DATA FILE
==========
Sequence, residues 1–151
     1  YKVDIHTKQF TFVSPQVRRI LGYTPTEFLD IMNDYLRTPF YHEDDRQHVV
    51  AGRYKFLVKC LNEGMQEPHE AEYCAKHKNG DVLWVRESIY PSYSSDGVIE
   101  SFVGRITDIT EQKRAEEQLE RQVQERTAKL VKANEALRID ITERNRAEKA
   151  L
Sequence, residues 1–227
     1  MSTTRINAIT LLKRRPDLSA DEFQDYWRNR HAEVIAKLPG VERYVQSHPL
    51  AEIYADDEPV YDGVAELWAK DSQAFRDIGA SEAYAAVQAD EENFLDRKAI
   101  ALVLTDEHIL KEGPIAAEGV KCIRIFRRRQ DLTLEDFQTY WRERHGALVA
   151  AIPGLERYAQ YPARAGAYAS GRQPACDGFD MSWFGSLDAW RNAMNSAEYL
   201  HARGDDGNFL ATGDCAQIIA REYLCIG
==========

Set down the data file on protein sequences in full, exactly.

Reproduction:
Sequence, residues 1–151
     1  YKVDIHTKQF TFVSPQVRRI LGYTPTEFLD IMNDYLRTPF YHEDDRQHVV
    51  AGRYKFLVKC LNEGMQEPHE AEYCAKHKNG DVLWVRESIY PSYSSDGVIE
   101  SFVGRITDIT EQKRAEEQLE RQVQERTAKL VKANEALRID ITERNRAEKA
   151  L
Sequence, residues 1–227
     1  MSTTRINAIT LLKRRPDLSA DEFQDYWRNR HAEVIAKLPG VERYVQSHPL
    51  AEIYADDEPV YDGVAELWAK DSQAFRDIGA SEAYAAVQAD EENFLDRKAI
   101  ALVLTDEHIL KEGPIAAEGV KCIRIFRRRQ DLTLEDFQTY WRERHGALVA
   151  AIPGLERYAQ YPARAGAYAS GRQPACDGFD MSWFGSLDAW RNAMNSAEYL
   201  HARGDDGNFL ATGDCAQIIA REYLCIG